Pitaya and Pitahaya

 

I just wanted to talk a little bit more about edible cacti, specifically about their fruit.  Cacti have very distinct flowers, characterized by several layers of sepals and petals, as well as numerous stamens and several stigmas, with their fruit developing below these floral structures (see photo, below left); botanists often rely on these characteristics for the reliable identification of a true cactus.   All fruits from the genus Opuntia, or paddle cacti, are edible (photo, below right), generically known as prickly pears, although some might be insipid, or worse, sour and plain unpalatable.  O. ficus-indica produces a light fleshed sweet fruit, the common prickly pear found at supermarkets, known in Spanish as tuna (see featured word, July 20 2018); xoconostle is the sour fruit of O. matudae, very popular in Mexican dishes to add some zing to salads and stews.

close up of cactus
Photo by Pixabay on Pexels.com

Cacti with other morphologies also produce edible fruit, some very similar to the prickly pear, such as columnar organ pipe cacti, seen in the photo, right (also visit Cactus Haiku).

A good example of a fruiting columnar cactus is Stenocereus thurberi, popularly known as pitaya in Mexico.  The photo below shows a basket full of pitayas, their skin ranging from green to purple; their flesh in different shades of white, yellow, bright pink or red; and all with contrasting black seeds:

pitayas from gob mx
Pitayas (photo from gob.mx, consulted on July 22, 2018)

I have never seen pitayas outside Mexico, so when visiting the country between March and June, it would be worthwhile trying to find them.  Because of its name, sweet flesh and black seeds, the pitaya is often confused with another fruit native to Mexico and Central America, known in Mexico as pitahaya, which is the climbing cactus Hylocereus sp., pictured at the top of this post (for photos of the flower and fruit on the climbing plant click here).  Pitahaya was introduced originally to Vietnam by the French, where it acquired the name of thanh long – dragon fruit, and today, it is also grown in many other subtropical regions, such as Australia (visit the Universal Gardener), the Philippines and Malaysia.  Pitahaya/dragon fruit has become very popular worldwide thanks to its Asian market, and it has been recognized for its health benefits as a good source of calcium, vitamins (such as C and B), minerals and fiber.  I bought one a few weeks ago at the supermarket; I sliced it in half, and then cut one piece one more time, slicing some into chunks, and the rest into thin semi-circles:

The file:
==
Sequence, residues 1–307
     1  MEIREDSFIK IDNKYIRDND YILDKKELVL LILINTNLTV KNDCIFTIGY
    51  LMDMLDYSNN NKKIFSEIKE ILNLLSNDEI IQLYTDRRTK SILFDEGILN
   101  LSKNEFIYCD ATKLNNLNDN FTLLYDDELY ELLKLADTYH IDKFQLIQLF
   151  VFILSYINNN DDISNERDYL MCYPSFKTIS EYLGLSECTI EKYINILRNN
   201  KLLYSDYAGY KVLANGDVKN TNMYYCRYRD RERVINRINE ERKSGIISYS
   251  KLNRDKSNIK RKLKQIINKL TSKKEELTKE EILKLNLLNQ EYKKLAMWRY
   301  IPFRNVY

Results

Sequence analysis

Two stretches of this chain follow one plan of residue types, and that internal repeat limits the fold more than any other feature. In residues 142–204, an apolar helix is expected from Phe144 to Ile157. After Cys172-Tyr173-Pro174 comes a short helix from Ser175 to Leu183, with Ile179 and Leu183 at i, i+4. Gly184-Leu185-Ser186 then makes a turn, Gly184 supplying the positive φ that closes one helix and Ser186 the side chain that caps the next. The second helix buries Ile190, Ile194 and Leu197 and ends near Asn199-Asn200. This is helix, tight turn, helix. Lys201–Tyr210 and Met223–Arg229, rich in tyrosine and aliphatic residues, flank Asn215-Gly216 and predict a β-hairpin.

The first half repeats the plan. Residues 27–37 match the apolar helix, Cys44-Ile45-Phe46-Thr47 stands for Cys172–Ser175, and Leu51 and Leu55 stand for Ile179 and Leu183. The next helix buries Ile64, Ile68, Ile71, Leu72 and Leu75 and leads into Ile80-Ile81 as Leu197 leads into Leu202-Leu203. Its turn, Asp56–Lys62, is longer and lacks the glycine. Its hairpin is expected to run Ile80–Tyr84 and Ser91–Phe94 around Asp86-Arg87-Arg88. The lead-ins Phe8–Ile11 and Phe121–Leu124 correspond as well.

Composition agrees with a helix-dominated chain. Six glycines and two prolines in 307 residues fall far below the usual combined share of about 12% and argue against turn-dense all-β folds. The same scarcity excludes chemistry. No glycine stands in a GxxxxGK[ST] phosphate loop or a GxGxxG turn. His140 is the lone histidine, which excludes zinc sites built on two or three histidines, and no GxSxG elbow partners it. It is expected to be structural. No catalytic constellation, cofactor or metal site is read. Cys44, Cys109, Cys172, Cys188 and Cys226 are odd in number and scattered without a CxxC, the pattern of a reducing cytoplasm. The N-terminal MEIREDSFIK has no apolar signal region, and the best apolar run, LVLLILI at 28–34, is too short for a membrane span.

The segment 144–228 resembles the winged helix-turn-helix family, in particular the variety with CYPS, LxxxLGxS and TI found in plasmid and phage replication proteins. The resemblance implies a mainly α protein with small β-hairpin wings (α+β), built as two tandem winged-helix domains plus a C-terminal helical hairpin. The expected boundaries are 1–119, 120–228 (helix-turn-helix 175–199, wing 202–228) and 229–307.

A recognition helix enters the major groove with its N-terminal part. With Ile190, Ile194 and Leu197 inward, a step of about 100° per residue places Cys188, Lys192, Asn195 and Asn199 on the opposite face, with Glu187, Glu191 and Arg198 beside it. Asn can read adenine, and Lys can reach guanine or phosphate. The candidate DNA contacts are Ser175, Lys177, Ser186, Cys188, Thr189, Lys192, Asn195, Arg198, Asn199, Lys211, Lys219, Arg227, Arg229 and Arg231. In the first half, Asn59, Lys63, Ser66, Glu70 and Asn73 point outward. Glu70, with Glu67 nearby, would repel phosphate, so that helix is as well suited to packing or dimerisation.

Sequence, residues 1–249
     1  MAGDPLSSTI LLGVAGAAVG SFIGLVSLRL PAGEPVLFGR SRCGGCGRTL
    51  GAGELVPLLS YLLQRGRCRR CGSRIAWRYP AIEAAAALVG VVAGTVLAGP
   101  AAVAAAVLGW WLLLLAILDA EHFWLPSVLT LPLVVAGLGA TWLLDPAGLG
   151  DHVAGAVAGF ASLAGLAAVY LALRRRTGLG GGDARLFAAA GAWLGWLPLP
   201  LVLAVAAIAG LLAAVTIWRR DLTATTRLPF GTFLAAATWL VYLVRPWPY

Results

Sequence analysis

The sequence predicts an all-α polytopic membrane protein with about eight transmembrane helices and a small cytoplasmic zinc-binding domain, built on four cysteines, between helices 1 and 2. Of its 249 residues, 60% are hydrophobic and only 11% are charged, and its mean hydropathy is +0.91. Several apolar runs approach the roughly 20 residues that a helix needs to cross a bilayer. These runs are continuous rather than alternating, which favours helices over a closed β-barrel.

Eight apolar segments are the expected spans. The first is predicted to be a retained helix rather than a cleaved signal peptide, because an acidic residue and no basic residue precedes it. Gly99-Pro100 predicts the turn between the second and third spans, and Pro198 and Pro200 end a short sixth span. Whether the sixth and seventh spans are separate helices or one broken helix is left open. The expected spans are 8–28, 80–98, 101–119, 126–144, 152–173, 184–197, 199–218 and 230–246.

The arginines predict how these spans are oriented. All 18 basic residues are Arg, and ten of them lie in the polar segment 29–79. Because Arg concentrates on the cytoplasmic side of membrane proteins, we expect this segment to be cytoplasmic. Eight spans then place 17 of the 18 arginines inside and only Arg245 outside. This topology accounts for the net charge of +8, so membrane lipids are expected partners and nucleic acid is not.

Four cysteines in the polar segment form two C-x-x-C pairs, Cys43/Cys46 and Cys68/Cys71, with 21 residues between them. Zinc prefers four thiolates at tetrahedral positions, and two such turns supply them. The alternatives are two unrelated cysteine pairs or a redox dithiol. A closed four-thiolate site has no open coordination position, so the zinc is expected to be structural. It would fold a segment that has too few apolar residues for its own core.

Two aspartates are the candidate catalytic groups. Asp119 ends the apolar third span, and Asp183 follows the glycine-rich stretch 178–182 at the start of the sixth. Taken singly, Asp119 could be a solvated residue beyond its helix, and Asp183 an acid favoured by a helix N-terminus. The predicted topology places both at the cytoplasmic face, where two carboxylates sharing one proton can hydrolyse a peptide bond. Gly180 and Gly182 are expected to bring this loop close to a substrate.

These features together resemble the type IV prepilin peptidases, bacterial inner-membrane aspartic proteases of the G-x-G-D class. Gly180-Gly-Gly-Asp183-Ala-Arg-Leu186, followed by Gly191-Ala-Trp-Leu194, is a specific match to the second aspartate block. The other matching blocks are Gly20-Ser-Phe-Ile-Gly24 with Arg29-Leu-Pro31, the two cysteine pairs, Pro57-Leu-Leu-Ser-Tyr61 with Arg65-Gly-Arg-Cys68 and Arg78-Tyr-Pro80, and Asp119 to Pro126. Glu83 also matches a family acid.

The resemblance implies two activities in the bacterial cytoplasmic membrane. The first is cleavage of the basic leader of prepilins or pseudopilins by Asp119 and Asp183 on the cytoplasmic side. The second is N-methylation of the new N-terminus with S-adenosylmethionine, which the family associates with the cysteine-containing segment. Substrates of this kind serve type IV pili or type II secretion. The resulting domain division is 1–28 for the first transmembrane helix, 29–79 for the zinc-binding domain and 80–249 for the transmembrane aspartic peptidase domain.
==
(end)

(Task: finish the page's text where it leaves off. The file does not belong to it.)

pitahaya-sliced-into-chunks-slices-and-bowl-e1532358309266.jpg

The chunks were eaten by themselves, but I served the slices with mango, for a nice contrast (below, left); I hollowed the other half with a melon scoop, and used it as a bowl for the balled fruit, served with mini-scoops of frozen yogurt:

Pitahaya/dragon fruit has a sweet and refreshing flavour, with a mild crunch; the mango and frozen yogurt were both good options that did not compete with its taste, but enhanced it, while providing extra visual appeal.

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19 thoughts on “Pitaya and Pitahaya

  1. I’ve never seen those. They look a bit like sesame seed riceballs on the inside. If I ever get down to Mexico, I plan to try it. It sounds delicious from your description

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    1. They are delicious! You might be interested in this link
      http://www.ethnoherbalist.com/southern-california-native-plants-medicinal/pitaya-fruit/
      It mentions the Organ Pipe National Park in Arizona, and describes the pitaya cactus in detail, and briefly, the pitahaya/dragon fruit. I did not know, but there is a species called “sour pitaya” (S. gummosus) that grows south of Arizona, in Sonora, so make sure you get the sweet ones (S. thurberi) 🙂

      Liked by 1 person

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